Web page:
31 May 2010
I blogged very briefly about the session with Justin Hackworth here, and he posted photos from the session here.
Justin Hackworth. Where do I begin? Perhaps the beginning; I hear that's a very good place to start.
A long, long time ago I went to Utah, eight weeks if we're being technical. I didn't want to fly with Jonas by myself, nor did I want to fly at all (on standby, especially) being 32 weeks large in the middle region.
But I wanted to take photos with my mother. Our exclusive mother-daughter experiences are few and far between; our photos even more scarce. So when all of the elements connected and somehow I was chosen to participate in the 30 Strangers in 30 Days project, I knew there was a reason. I needed that driving force to get me boarding a plane with my toddler so I could have a meaningful afternoon with my mom.
I have been photographed a few times, all very different experiences so I wasn't sure what to expect.
Some photographers portray me just as I saw myself in middle school--awkward, a little flabby, and unimportant.
Some made me want to run a marathon in order to get away from their bossiness.
Some made me do things that I wasn't that comfortable doing (not bad things; just awkward things, like move my chin in an oh-so-dramatic fashion)
Some told silly jokes that made me groan internally and feel sorry for his wife.
And some were okay.
I must be hanging out with the wrong photographers. (But in all fairness, I'm probably not the easiest person to photograph since I am naturally so un-touchy and standoffish.)
But then there's Justin Hackworth.
He's an artsy man. And artsy people, I usually don't get. Because unfortunately for me, I'm not artsy. I can analyze the heck out of data, but when it comes to picking out window treatments, you may as well be asking me to explain Einstein's Theory of Relativity (oh wait, that's something I could do; I guess it would be more like asking me if your blouse matched your shoes--that, I couldn't answer, not even a little bit).
Justin has a way of making you feel comfortable and respected and beautiful and alive all at once. Even though I just walked off an airplane and still smelled like exhaust, fatigue, and complimentary pretzels, he had me convinced that I was the most vibrant, radiant woman in the world.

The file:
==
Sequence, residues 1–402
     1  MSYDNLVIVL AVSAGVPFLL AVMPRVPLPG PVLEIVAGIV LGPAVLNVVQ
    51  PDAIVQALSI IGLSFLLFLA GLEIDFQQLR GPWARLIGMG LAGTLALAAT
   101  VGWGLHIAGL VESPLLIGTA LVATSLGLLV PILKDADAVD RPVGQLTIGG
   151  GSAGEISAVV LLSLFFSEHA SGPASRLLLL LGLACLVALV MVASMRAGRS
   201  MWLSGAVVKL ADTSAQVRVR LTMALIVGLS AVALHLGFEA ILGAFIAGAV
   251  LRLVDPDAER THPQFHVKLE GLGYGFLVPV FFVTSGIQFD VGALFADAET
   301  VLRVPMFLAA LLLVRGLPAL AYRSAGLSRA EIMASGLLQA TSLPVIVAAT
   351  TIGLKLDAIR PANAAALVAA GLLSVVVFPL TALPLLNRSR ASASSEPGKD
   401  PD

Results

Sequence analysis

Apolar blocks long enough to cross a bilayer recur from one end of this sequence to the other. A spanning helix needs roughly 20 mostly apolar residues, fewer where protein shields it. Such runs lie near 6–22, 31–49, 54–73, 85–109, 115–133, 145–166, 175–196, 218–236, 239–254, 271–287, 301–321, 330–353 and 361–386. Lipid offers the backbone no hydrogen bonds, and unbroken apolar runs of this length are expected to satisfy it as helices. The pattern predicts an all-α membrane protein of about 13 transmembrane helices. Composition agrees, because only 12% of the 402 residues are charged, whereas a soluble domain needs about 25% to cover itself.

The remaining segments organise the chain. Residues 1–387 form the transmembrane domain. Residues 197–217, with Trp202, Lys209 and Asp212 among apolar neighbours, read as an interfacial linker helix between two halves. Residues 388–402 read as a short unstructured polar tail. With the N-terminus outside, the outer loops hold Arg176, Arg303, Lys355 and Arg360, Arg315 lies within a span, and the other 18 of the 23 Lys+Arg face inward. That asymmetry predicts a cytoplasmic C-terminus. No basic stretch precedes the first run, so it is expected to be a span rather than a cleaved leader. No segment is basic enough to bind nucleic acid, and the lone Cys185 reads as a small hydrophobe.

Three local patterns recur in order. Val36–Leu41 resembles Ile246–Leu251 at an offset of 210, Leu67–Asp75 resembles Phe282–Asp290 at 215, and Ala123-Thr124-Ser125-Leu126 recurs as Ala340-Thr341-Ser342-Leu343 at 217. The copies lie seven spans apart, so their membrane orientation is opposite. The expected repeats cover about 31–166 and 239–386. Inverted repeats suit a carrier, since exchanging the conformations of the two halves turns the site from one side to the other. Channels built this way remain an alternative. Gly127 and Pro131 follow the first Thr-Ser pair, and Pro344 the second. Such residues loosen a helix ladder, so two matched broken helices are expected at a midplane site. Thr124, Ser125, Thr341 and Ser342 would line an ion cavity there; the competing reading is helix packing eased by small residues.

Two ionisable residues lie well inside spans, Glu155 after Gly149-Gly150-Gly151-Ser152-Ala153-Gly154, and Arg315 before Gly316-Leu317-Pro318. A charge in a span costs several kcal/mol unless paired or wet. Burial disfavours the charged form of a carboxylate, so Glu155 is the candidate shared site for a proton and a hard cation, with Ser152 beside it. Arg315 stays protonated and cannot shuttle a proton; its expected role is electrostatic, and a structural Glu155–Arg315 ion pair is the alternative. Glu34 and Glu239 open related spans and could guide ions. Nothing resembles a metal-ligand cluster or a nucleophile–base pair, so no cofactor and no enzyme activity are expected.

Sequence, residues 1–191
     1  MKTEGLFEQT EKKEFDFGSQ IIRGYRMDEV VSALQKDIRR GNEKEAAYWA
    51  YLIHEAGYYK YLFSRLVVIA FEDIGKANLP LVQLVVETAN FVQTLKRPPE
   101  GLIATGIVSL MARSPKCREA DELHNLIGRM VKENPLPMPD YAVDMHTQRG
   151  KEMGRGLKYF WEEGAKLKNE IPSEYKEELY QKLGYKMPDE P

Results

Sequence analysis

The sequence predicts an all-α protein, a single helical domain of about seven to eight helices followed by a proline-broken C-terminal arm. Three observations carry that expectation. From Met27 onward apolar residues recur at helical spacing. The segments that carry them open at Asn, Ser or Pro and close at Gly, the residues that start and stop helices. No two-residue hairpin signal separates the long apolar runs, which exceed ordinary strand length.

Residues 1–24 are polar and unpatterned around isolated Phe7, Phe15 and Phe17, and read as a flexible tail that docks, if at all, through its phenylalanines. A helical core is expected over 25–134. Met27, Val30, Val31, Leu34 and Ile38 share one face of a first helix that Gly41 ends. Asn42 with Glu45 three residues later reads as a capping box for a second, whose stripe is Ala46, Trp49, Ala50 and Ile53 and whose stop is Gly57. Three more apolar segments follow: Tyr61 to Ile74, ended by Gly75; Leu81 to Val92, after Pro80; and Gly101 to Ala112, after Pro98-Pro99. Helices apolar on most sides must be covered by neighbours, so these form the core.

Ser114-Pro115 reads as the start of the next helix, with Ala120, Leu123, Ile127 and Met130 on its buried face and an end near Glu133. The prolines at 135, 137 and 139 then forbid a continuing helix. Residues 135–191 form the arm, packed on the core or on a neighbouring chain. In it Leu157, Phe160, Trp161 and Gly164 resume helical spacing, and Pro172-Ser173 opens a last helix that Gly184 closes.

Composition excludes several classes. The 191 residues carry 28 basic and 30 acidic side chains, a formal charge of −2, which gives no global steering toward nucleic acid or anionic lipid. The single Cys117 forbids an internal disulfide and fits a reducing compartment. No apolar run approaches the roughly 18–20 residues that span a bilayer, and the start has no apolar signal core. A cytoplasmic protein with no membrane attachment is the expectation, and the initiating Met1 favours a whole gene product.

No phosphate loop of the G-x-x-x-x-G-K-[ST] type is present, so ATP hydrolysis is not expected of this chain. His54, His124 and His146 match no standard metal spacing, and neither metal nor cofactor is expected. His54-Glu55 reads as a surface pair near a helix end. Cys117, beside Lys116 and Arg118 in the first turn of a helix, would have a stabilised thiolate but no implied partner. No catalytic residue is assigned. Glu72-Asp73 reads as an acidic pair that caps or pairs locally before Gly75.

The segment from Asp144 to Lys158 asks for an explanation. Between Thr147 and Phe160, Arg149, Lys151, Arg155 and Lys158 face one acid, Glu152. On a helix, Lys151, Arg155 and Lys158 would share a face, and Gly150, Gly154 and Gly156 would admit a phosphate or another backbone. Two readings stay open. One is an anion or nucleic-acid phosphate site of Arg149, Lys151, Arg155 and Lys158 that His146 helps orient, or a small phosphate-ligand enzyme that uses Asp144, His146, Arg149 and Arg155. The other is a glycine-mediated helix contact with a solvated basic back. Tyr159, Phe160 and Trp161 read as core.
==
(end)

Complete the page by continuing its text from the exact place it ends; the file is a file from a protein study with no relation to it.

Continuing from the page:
To start the session, he asked us about ourselves. As I spoke, I could see him gathering more about me from my body language and eyes than from my words. I know he does it because I do it; I felt he was peering into my soul.
This is where my naturally guarded self would put up red flags and change the topic. I choose what you know about me; you haven't earned the privilege to ask personal questions and expect honest answers. I only share that with people who are unassuming and genuinely interested. But I kept talking because that's what he is--safe, unassuming, genuine--qualities that are even better than his photography. And while I knew he was going to plaster photos on his blog, on Facebook, and in an art exhibit, I also knew somehow my private feelings would be portrayed yet protected.
As he was taking photographs, he asked me to tell a joke; I only had one in my arsenal.
Jennifer: Knock, knock.
Justin: Who's there?
Jennifer: Interrupting cow.
Justin: Oh I know this one (and then he laughed).
So he interrupted my interrupting cow joke. Which was pretty great. And he even laughed at the joke as if it were the best joke he ever almost heard me tell. I got it off of a candy wrapper at the airport which is not typically renowned for their sophisticated humor. And yet he laughed so heartily that I want to tell it again and again (and perhaps buy Laffy Taffy in bulk).
He then said the biggest challenge of doing the project was to take photos of the same topic (mothers and daughters), but make each one unique. I said it was a good thing I was there on day 5, to which he responded that I underestimate him.
That was my other joke. It was uninvited and he still took it in stride.
At the end of the session, he asked me to sing a song for him. Those of you who know me from my open mic days might laugh at how presumptuous this was. Me? Sing? For a stranger? Ha, fat chance. And somehow, he made me want to sing. To make a woman great with child feel beautiful is a skill in and of itself. To make her want to take photographs and do it all day is nothing short of a miracle. To make a person desire to share talents that make her uncomfortable is a gift from God.
I imagine Justin is doing the 30 Strangers project again next year as well. Pity that I'm no longer a stranger, so I would be ineligible. Maybe I can convince him to do a 30 People I Already Met Who Just Happen to Adore Me photo shoot. What do you say, Justin? I would come on the first day, even if I weren't picked.
(Is that flattering or creepy?)
And some of his work.
To view all of 2010's 30 Strangers, click HERE.